This week Andy Hunt looks at the deployment of a technology through iOS7 that may hold great promise for B2B applications. Steve Graham joins our round-up with a post on understanding the native continuum in online advertising. That’s our round-up as we glide into October and the last calendar quarter of 2014.
Chuck Manners, CEO
One feature of iOS7 that had slipped under my radar (pun intended) is something called iBeacons. It’s a way of using low power Bluetooth or Bluetooth Low Energy (BLE) to provide device-to-device interaction based on very specific locations. It’s very similar to things like RFID or NFC but the big difference is that Bluetooth is in nearly all phones and tablets and is available on Apple, Android and Windows devices. Unlike those other two technologies, the interaction can occur at greater distances, rather than having to swipe nearly up against a reader. This longer “short distance” passive communication, if solved is going to smarten up a lot of devices. Or at least make it a lot easier and cheaper to smarten up lots of different devices. It could make things like facilities and equipment management much more efficient and economical for limited staffs and budgets. So as we’ve seen with so many other seemingly B2C type technologies, the large scale introduction of BLE brings some interesting B2B possibilities. How could that many ‘B’s be wrong?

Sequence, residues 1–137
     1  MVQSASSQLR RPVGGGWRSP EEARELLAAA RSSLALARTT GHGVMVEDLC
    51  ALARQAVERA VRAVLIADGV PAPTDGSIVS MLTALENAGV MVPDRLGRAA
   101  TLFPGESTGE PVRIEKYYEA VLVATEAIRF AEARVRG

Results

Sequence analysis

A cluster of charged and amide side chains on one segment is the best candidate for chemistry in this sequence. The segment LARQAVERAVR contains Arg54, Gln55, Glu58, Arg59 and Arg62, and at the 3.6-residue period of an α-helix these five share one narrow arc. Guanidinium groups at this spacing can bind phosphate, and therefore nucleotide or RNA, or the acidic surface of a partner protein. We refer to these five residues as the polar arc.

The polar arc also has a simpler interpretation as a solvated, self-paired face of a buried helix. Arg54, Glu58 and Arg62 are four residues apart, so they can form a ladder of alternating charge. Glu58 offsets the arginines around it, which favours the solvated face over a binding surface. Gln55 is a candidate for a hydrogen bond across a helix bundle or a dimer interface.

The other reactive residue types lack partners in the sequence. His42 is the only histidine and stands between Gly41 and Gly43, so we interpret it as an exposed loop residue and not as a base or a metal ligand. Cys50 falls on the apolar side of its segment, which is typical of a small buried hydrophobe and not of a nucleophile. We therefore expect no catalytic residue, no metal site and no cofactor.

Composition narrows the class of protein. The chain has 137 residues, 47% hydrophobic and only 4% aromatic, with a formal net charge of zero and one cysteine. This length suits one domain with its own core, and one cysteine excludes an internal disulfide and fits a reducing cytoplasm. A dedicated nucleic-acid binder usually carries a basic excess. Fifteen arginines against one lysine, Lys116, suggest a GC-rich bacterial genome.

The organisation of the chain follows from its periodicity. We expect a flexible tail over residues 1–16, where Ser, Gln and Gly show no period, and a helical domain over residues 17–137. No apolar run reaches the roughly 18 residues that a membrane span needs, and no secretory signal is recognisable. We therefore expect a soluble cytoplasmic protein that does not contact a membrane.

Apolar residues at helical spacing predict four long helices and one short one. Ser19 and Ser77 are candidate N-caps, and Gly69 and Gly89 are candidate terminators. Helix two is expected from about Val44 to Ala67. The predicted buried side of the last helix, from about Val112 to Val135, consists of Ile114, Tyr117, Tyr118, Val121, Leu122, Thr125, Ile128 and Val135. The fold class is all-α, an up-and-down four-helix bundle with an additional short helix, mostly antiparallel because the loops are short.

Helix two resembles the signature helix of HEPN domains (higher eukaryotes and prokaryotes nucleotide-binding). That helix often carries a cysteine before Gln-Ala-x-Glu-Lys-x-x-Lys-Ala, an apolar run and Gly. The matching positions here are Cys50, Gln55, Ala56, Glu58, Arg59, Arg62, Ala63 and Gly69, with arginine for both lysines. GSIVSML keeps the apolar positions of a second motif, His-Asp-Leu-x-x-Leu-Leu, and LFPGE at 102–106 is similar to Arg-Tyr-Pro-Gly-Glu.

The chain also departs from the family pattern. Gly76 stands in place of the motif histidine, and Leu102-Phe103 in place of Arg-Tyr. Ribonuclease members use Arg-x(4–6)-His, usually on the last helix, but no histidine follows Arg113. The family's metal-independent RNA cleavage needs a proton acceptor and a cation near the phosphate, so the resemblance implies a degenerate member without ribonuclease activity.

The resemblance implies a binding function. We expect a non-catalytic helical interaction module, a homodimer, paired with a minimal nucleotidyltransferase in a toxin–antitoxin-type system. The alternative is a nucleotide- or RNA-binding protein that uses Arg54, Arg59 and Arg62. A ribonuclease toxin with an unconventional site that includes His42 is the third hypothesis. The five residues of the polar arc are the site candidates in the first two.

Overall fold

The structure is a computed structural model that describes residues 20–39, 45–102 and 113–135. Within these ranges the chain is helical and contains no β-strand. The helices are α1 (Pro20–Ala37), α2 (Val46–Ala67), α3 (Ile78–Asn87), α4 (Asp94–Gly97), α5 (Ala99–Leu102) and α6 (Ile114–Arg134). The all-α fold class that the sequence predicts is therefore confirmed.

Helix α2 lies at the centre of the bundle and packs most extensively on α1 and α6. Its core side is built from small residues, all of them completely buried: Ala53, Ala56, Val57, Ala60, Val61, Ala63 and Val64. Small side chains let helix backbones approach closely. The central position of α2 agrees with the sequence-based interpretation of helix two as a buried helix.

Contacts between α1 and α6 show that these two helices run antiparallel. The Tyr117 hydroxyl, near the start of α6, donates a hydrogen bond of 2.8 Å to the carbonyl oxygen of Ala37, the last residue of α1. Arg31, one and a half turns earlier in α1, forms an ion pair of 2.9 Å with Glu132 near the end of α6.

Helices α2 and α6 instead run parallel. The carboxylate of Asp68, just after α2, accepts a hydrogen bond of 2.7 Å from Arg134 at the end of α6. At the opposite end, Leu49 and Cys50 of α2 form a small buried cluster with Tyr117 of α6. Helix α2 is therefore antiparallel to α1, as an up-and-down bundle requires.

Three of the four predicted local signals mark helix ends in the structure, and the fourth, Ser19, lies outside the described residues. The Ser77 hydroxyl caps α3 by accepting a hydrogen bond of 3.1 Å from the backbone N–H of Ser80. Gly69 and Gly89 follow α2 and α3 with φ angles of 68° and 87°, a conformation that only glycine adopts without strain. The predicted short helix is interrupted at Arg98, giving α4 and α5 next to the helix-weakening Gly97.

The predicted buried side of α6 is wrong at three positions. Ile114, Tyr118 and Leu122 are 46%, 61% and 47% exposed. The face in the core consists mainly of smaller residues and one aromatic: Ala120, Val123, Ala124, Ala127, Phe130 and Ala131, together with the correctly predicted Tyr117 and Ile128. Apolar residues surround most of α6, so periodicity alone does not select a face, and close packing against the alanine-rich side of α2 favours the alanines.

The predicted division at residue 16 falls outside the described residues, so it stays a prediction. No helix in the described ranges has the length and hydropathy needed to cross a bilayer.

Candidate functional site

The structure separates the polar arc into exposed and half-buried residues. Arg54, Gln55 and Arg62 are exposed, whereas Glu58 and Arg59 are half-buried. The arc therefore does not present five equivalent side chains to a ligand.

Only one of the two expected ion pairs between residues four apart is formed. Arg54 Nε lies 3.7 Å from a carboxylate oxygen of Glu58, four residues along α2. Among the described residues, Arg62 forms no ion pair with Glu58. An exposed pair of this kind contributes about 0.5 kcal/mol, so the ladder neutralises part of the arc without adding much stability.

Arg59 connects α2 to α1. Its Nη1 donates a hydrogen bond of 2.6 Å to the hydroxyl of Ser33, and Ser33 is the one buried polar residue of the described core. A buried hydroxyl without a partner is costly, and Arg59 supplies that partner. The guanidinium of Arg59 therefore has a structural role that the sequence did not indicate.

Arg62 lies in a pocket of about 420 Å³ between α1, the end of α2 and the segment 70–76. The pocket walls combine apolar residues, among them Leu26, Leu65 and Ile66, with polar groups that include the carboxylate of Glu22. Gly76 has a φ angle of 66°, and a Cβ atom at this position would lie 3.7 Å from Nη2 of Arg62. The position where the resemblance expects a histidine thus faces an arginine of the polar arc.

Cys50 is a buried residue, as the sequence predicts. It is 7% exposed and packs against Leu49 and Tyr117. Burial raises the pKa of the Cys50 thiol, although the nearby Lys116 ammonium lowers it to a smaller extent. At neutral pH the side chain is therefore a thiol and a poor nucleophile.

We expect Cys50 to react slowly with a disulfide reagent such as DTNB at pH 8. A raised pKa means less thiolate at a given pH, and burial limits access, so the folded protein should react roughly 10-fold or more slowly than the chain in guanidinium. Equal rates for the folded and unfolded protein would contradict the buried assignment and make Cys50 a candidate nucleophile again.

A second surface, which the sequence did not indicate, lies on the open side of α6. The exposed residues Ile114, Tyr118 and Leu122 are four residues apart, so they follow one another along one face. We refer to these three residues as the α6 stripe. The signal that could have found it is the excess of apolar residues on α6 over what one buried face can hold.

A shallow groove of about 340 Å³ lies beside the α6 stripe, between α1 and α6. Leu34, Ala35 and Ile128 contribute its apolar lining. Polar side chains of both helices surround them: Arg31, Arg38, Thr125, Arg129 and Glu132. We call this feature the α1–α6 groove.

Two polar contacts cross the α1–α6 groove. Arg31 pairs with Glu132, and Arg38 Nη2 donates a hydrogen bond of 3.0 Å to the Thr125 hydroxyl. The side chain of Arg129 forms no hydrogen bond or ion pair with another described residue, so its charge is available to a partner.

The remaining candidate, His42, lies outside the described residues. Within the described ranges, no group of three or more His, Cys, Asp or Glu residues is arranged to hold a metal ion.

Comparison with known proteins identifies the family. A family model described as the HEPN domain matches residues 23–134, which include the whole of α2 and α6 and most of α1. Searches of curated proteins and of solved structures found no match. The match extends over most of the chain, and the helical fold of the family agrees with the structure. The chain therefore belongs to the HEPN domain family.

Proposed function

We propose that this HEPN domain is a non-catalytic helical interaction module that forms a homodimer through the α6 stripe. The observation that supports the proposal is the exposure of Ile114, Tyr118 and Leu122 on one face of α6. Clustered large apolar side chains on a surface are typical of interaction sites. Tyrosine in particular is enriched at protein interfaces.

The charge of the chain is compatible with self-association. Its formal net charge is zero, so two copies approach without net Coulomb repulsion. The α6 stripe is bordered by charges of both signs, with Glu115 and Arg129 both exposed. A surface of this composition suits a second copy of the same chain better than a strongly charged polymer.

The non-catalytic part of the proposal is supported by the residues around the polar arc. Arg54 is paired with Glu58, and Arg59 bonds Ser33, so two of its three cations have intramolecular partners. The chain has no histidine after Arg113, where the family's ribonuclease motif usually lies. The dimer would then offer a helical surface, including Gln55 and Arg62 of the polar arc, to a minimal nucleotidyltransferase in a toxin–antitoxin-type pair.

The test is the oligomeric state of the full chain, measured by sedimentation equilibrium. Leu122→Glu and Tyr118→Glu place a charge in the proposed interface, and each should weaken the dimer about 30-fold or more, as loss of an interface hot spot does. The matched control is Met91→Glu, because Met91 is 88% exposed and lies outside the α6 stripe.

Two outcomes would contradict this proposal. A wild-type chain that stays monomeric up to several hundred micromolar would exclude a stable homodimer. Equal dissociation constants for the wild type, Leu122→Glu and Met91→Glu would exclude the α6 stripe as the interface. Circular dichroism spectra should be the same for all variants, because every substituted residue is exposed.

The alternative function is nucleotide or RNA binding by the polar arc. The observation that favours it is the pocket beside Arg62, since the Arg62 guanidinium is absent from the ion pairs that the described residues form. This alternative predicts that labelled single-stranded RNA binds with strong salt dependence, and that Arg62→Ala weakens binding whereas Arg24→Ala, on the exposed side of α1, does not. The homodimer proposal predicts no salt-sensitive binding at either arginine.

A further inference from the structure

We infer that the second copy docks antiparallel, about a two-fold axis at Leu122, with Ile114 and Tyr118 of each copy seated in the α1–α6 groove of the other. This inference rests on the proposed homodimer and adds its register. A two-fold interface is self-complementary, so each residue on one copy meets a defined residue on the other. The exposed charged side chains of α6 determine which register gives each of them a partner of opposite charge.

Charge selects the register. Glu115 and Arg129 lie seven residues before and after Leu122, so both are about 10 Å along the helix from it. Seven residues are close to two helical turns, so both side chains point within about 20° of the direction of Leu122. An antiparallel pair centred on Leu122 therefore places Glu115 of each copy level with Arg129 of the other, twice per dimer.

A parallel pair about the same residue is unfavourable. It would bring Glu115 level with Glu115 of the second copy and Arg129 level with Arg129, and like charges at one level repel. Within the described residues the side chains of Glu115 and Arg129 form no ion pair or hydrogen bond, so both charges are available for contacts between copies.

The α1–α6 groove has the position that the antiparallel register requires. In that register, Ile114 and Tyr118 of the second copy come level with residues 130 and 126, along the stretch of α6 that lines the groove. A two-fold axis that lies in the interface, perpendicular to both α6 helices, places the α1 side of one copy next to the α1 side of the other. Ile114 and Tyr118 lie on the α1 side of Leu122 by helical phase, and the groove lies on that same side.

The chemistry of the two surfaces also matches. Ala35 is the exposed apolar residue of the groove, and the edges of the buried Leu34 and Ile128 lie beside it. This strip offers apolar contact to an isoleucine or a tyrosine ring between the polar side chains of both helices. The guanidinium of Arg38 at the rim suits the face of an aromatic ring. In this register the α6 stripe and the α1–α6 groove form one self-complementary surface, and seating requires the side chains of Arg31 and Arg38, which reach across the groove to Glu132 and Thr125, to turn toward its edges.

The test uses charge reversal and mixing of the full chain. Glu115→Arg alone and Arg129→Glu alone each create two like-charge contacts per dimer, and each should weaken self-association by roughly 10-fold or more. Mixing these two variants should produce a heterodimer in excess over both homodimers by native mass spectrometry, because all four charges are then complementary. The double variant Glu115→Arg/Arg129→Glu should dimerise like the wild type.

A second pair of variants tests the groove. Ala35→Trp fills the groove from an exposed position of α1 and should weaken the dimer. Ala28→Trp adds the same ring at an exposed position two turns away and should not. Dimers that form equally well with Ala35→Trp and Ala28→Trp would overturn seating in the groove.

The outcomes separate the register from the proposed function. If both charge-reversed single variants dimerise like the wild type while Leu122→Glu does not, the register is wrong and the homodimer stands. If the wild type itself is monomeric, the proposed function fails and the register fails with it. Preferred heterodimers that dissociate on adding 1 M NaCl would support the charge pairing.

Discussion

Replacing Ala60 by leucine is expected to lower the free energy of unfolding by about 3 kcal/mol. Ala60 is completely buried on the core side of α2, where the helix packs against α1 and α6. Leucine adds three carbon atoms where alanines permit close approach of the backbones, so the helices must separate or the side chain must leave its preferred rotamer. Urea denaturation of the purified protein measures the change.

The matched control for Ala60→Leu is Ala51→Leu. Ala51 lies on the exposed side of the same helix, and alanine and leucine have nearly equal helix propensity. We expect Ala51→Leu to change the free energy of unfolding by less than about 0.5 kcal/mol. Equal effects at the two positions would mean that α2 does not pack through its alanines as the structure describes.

Andy Hunt, Director of Marketing Technology
There’s been a lot of online talk lately about native advertising. Or is it brand content? Or sponsored content? Or is it a contemporary version of the old-school advertorial? Various definitions are being tossed about. Wikipedia describes it as a “web advertising method in which the advertiser attempts to gain attention by providing valuable content in the context of the user’s experience.” At Godfrey, we define native advertising a little differently: Embedding paid content in a B2B editorial environment so that it is barely distinguishable from the journalistic information around it.
Native advertising is all the rage because several high-profile PR firms are going into the advertising business to broaden their reach and generate new revenue streams. It’s a natural evolution because PR agencies have grown up with content marketing. Meanwhile, Jonathan Glick, CEO of Sulia, a subject-based social network, and Josh Neckes, VP of revenue at Sulia and a strategic consultant for early-stage tech start-ups, have taken the concept of native advertising to a whole new level. They believe that publishers and brands often have a poor understanding of the “native continuum” – the gradient that exists between a classic banner ad and a fully native one.
In fact, Glick and Neckes have gone so far as to classify different forms of native advertising. To learn more, check out the link above.
Steve Graham, Director of Public Relations